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Ophthalmology. 2007 Aug;114(8):1482-90. Epub 2007 Mar 13.

Femtosecond laser versus mechanical microkeratome for LASIK: a randomized controlled study.

Author information

1
Department of Ophthalmology, Mayo Clinic College of Medicine, Rochester, Minnesota, USA. patel.sanjay@mayo.edu

Abstract

PURPOSE:

To compare corneal haze (backscattered light) and visual outcomes between fellow eyes randomized to LASIK with the flap created by a femtosecond laser (bladeless) or with the flap created by a mechanical microkeratome.

DESIGN:

Randomized, controlled, paired-eye study.

PARTICIPANTS:

Twenty-one patients (42 eyes) received LASIK for myopia or myopic astigmatism.

METHODS:

One eye of each patient was randomized to flap creation with a femtosecond laser (IntraLase FS, IntraLase Corp., Irvine, CA) with intended thickness of 120 microm, and the fellow eye to flap creation with a mechanical microkeratome (Hansatome, Bausch & Lomb, Rochester, NY) with intended thickness of 180 microm. Patients were examined before and at 1, 3, and 6 months after LASIK.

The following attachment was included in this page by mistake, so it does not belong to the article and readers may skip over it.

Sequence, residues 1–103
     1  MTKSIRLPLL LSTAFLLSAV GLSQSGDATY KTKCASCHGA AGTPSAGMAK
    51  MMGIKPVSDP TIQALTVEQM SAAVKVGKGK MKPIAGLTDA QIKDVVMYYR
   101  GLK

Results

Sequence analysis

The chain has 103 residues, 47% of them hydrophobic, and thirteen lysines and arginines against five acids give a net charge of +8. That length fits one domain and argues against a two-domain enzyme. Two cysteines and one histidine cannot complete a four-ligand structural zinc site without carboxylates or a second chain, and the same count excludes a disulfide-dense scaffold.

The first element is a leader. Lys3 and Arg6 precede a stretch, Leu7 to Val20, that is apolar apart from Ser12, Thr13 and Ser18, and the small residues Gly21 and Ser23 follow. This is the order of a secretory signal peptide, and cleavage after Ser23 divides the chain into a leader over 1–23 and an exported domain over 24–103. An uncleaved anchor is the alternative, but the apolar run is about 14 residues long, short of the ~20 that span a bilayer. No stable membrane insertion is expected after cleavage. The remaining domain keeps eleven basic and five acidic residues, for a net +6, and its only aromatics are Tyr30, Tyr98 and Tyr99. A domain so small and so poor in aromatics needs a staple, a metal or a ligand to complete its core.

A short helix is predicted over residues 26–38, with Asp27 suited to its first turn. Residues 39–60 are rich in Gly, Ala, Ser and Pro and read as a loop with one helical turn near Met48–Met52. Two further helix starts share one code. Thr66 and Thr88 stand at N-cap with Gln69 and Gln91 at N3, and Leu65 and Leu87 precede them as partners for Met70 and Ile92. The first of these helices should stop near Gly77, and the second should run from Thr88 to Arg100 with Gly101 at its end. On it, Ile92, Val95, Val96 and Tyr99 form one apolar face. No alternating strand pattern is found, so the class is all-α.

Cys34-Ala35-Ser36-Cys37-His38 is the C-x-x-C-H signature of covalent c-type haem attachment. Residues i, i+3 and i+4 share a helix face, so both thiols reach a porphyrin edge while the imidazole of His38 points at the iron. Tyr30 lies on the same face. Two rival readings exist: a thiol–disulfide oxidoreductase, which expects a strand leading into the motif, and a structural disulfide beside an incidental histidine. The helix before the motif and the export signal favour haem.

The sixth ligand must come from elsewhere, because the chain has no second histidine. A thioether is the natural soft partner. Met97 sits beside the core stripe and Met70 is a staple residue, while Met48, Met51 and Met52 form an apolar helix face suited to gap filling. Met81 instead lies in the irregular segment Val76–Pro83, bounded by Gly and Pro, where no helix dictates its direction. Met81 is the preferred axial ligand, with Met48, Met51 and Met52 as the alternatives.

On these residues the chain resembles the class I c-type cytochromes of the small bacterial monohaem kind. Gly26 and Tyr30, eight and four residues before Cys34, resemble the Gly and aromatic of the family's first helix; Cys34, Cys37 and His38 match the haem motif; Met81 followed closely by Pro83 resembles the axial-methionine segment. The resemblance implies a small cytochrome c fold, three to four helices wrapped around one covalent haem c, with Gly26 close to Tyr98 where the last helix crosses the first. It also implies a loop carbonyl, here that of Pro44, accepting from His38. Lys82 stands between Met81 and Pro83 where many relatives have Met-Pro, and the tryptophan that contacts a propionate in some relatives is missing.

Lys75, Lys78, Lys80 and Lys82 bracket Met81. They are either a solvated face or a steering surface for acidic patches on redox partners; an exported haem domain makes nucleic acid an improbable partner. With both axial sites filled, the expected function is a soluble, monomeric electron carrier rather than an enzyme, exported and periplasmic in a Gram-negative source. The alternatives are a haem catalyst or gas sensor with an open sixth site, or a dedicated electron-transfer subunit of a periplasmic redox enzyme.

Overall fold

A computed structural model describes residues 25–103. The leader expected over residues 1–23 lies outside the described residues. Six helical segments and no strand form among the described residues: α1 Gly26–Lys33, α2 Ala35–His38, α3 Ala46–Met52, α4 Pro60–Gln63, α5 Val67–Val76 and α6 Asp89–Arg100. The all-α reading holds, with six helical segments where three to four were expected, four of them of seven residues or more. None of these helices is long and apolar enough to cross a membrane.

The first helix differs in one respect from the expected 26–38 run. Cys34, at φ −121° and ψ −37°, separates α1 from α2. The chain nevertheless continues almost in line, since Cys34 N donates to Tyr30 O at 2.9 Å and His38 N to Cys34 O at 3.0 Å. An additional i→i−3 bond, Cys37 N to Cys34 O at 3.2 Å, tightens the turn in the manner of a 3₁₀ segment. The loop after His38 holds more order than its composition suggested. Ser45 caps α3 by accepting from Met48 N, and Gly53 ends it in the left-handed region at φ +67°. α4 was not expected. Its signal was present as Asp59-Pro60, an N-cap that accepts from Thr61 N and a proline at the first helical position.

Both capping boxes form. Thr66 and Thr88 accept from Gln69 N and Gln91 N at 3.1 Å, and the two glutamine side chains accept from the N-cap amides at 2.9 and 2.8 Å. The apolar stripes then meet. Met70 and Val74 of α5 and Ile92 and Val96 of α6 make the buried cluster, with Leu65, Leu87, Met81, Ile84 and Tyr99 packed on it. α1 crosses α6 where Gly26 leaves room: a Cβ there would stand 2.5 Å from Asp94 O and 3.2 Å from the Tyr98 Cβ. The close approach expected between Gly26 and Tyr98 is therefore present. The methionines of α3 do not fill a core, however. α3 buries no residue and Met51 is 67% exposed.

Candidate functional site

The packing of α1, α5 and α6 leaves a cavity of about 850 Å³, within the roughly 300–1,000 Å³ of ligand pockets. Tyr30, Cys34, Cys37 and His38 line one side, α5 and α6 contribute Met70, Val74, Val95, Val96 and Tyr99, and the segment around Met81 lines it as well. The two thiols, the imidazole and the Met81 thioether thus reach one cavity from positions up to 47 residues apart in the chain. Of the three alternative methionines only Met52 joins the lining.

MAIN OUTCOME MEASURES:

Corneal backscatter, high-contrast visual acuity, manifest refractive error, contrast sensitivity, and intraocular forward light scatter were measured at each examination. Flap thickness was measured by confocal microscopy at 1 month, and patients were asked if they preferred the vision in either eye at 3 months.

RESULTS:

Corneal backscatter was 6% higher after bladeless LASIK than after LASIK with the mechanical microkeratome at 1 month (P = 0.007), but not at 3 or 6 months. High-contrast visual acuity, contrast sensitivity, and forward light scatter did not differ between treatments at any examination. Flap thicknesses at 1 month were 143+/-16 microm (bladeless, mean +/- standard deviation) and 138+/-22 microm (mechanical microkeratome), with no statistical difference in variances. At 3 months, 5 patients preferred the bladeless eye, 7 patients preferred the microkeratome eye, and 9 patients had no preference.

CONCLUSIONS:

The method of flap creation did not affect visual outcomes during the first 6 months after LASIK. Although corneal backscatter was greater early after bladeless LASIK than LASIK with the mechanical microkeratome, patients did not perceive a difference in vision.

PMID:
17350688
DOI:
10.1016/j.ophtha.2006.10.057
[Indexed for MEDLINE]
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